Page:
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Commentary: preseason college football polls should be done away with

Former Miami coach Howard Schnellenberger raises the 1983 NCAA Championship trophy during halftime of a game against Florida Atlantic at Sun Life Stadium. Miami won, 34-6. Credit: Courtesy of MCT

Former Miami coach Howard Schnellenberger raises the 1983 NCAA Championship trophy during halftime of a game against Florida Atlantic at Sun Life Stadium. Miami won, 34-6. Credit: Courtesy of MCT

Before each college football season, The Associated Press, USA TODAY and countless other media outlets come out with their preseason top 25 rankings. Essentially, it is a way of letting the world know what their predictions are for the upcoming season.

These rankings factor in how teams did the previous year, the players they lost and added to their squads and any potential coaching changes that will affect the program.

And every year, we fall into their trap.

I’ll admit it, ever since I was young I was always excited for the day that AP released its preseason poll because it gave me something to analyze before the season got under way.

But these rankings are flawed and need to be fixed.

Since the beginning of the Bowl Championship Series in 1998, there has been only one national champion that started the season ranked outside the top 20 in the preseason AP poll.

That was No. 22 Auburn in 2010-11.

All in all, there have been only eight teams that started the season outside of the AP top 10 and participated in the BCS National Championship, four of which were victorious.

So if a team thinks it has a shot of playing in the BCS National Championship Game or, starting next season, into the College Football Playoff, it has to hope AP thinks so too.

Currently there are five undefeated teams in the AP top 20 who started the season unranked: No. 17 Fresno State (5-0), No. 16 Texas Tech (6-0), No. 14 Missouri (6-0), No. 12 Baylor (5-0) and No. 10 Miami (5-0).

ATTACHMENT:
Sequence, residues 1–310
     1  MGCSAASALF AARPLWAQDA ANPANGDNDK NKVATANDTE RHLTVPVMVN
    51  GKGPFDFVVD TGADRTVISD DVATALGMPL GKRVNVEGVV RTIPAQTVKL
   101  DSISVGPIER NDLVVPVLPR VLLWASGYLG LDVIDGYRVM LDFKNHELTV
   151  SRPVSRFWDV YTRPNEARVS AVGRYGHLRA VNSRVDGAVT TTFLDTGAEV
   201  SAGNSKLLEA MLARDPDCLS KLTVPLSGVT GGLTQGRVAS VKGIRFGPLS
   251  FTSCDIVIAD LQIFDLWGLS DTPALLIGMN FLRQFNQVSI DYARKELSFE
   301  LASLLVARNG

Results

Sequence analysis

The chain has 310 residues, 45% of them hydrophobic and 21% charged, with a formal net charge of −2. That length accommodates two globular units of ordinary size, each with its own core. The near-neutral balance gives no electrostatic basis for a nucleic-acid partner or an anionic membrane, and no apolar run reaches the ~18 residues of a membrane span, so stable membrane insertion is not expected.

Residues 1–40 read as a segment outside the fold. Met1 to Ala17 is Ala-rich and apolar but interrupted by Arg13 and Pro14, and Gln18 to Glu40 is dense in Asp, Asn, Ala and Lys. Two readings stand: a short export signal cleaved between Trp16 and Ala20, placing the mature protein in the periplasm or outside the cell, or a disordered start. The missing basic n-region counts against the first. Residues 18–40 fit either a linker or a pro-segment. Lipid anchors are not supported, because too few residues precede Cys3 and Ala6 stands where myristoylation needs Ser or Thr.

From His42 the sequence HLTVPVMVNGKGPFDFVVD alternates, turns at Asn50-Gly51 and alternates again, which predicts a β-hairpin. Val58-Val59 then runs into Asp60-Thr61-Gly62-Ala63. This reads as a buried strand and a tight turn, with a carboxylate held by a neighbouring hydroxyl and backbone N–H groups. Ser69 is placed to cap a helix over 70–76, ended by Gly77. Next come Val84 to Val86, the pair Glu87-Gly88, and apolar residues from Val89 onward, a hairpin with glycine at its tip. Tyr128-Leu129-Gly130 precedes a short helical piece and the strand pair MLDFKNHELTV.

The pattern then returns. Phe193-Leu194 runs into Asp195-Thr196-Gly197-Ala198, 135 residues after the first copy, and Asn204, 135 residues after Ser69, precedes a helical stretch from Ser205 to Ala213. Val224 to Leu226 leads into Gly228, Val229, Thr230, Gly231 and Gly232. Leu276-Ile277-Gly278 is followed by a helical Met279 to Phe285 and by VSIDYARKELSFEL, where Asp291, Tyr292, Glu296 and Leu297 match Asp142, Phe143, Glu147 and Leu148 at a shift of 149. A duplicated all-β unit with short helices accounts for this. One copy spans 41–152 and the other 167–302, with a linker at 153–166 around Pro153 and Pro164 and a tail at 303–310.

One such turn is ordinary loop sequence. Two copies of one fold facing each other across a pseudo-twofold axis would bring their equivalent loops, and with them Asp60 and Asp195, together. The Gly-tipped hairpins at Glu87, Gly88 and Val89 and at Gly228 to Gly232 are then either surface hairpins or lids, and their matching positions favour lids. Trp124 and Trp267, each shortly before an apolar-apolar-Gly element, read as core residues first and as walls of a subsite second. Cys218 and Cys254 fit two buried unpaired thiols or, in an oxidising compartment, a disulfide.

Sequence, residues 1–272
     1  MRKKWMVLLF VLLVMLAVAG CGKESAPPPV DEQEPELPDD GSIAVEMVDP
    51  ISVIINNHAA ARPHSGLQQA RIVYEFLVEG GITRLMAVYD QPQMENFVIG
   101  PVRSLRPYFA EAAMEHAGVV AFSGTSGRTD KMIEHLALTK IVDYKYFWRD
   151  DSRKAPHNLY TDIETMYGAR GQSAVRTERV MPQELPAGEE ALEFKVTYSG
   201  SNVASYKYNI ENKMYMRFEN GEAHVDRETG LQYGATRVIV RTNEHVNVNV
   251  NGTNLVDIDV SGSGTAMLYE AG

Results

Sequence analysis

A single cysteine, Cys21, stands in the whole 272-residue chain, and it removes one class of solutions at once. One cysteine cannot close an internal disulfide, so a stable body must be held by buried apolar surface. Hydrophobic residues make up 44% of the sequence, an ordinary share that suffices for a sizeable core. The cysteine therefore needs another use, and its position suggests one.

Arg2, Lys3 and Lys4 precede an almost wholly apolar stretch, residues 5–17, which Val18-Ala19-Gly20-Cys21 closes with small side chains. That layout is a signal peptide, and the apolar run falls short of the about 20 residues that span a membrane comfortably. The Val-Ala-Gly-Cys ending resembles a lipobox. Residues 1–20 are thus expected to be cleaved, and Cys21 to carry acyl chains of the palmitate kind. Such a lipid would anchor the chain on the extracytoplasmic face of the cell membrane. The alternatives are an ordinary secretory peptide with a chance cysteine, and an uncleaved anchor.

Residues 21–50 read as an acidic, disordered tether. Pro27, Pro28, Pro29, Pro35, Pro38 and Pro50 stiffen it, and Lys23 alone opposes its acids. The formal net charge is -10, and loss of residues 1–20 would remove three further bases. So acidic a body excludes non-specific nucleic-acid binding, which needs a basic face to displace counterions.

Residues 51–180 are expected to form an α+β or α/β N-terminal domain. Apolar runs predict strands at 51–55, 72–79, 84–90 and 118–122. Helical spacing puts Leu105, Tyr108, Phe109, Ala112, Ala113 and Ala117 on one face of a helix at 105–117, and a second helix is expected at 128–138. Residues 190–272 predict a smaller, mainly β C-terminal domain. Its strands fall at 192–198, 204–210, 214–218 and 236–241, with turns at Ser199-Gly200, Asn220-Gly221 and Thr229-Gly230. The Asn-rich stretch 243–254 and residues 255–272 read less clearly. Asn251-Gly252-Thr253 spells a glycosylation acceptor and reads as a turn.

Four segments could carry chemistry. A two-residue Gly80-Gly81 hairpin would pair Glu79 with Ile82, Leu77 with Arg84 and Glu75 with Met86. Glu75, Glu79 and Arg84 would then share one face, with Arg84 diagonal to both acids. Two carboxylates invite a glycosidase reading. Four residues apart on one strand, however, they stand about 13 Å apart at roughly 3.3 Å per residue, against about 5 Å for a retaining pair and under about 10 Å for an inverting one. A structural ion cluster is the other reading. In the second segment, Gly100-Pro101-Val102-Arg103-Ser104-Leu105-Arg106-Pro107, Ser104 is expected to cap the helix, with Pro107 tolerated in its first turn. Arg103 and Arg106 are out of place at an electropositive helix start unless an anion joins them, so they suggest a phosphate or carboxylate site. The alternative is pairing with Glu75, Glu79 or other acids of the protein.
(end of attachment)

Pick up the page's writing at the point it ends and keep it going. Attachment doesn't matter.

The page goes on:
There is zero guarantee that even one of these teams finishes the season unbeaten but if they do, the odds of them jumping over a one loss LSU (6-1) or Texas A&M (5-1), currently ranked sixth and seventh respectively, is slim.

These teams very well could be the best five in the country, but because of the fact that the rankings in the preseason didn’t include them, they could miss out on the opportunity to play for the crystal football.

As much hate as the BCS system gets, the one thing it did get right was when it releases its rankings.

It isn’t until the eighth week of games that the initial BCS rankings become available, a style all polls should adopt.

If AP waited until mid-October to announce its first poll of the season, it might look very different. Instead of discussing whether No. 4 Ohio State should leapfrog No. 3 Clemson or drop below No. 5 Florida State, we may be talking about Baylor or Miami potentially finishing in the top two and making it to the title game.

At the end of the day, the preseason rankings are often closer to correct than incorrect, but that doesn’t mean they should continue.

The last time the eventual national champion was ranked outside of the top 5 in the AP poll in week eight of the season was 2006-07 when Florida was No. 9 and coming off its only loss of the season the day before.

I would rather wait for a couple of months and give voters time to really evaluate teams than just jump right in and potentially cost deserving schools their shot at a championship.

With the adaptation of a college football’s first ever playoff system next season, it is time for AP to change its ways as well. Get rid of the preseason and early season polls, wait to release your rankings until later and give every team an equal opportunity to win it all.

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